The tale of Hobart Hucklebuck was a cute tale that is perfect for a young reader looking for a magical adventure. Many of the character names, shop names and other town items resembled tongue twisters. Every character’s first and last name starting with the same letter. I can only imagine how long it took Stan Swanson to come up with these names. I found them fun and entertaining.

Misadventures of Hobart Hucklebuck is the perfect summer read for the kid in love with magic and adventure. It is adorable, funny, and is a great tale of friendship and loyalty.

Danielle Young (Consuming Worlds)


My son (9) enjoyed reading this book, many parts aloud. He laughed at several points and said the names were silly (in a good way). I found the story entertaining and written in a way to capture and keep the attention of the young readers. I recommend this to all libraries and households with children of all ages. This makes a great read-out-loud book as well. We both agree this deserves five out of five stars. We received an evaluation copy through Curiosity Quills in exchange for our honest opinion.

Jenn S. (Book Reviews and Giveaways)


There are misadventures. There is mayhem. And there is magic…but not from Hobart Hucklebuck. Poor Hobart, who is as sweet as can be, finds himself to be the least magical in his family, after being dropped off to spend his spring break with his grandfather in Pennywhistle.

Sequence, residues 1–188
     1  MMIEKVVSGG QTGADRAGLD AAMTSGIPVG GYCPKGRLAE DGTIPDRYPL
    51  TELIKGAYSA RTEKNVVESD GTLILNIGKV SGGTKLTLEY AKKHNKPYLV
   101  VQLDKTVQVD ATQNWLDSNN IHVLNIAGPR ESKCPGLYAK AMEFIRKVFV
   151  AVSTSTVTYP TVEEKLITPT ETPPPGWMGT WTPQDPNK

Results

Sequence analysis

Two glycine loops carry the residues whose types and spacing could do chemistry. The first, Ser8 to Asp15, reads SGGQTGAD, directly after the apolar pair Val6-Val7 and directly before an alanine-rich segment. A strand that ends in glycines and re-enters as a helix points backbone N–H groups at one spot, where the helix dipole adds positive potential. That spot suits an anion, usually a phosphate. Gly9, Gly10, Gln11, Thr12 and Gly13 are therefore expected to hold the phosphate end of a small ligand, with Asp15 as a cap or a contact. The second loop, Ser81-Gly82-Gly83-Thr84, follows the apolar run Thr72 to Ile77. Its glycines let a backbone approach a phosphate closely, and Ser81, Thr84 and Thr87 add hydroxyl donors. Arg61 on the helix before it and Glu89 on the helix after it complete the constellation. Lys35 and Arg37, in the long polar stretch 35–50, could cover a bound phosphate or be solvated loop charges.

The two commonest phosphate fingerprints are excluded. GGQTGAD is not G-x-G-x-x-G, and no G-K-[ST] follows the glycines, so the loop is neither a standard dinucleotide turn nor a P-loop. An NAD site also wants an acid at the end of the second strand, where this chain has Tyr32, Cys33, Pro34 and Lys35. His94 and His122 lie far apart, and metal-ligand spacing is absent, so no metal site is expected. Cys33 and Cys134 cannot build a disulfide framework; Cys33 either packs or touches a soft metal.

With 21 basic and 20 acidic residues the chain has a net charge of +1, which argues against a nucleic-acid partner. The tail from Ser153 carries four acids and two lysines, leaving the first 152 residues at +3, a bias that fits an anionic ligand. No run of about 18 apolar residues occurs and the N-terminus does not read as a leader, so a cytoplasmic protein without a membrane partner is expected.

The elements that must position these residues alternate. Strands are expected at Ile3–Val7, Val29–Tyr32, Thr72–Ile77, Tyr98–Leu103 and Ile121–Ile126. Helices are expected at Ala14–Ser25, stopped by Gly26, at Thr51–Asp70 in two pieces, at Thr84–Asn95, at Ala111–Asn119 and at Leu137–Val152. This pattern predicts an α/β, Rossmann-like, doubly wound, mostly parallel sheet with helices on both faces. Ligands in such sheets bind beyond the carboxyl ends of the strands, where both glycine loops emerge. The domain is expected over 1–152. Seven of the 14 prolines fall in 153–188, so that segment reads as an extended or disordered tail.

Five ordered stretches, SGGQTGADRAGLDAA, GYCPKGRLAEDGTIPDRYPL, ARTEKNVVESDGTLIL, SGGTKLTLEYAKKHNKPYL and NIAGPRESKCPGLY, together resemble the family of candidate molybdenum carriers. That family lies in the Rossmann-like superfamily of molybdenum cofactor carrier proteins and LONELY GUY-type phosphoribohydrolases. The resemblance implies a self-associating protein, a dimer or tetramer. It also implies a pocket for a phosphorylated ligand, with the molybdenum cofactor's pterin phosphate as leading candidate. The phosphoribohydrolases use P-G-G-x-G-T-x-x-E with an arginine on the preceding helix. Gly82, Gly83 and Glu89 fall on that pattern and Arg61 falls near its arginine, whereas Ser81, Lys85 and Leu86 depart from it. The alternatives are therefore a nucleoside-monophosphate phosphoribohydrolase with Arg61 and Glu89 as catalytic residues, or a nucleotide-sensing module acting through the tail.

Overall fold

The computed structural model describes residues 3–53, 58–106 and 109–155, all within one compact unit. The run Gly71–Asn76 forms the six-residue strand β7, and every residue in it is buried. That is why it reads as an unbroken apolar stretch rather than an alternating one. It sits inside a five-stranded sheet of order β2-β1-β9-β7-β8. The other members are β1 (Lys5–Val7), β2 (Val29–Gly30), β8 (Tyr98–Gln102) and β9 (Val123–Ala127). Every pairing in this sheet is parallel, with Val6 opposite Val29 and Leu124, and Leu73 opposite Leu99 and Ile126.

It is a very unusual spring break for all of Pennywhistle. Over the course of days, Hobart, his family and his friends notice something very strange is going on in Druid Lane…and in fact, all of Pennywhistle. All of the enchanted items and appliances won’t work. Bread doesn’t magically dance across the counter and pop itself into the toaster, and it surely doesn’t butter itself when it comes out all toasty, either; pepper will give a dash to your dinner plate, but salt obstinately won’t budge; brooms and mops have lost their enchantments and must be used the old-fashioned way. And there has been a strange cat hanging around Druid Lane all of a sudden that Hobart keeps seeing.

Hobart’s grandfather, Wicksford Waxenbee, owns the Hocus Pocus Magic Shop on Druid Lane. It’s a magic shop, and in this magic shop are W..’s old potions and concoctions that went wrong, like Pixie Powder (aka Demon Dust). In one corner of the shop is an old mirror with a huge crack down the middle. This mirror suddenly becomes the interest of two different shop owners on Druid Lane.

Wicksford has several friends among the shop owners on Druid Lane, including his old pal from his potion making days, Beauregard Bladderblott. Hobart learns a lot about his grandfather’s younger days, including the story behind the Pixie Powder, and why his grandfather couldn’t sell it.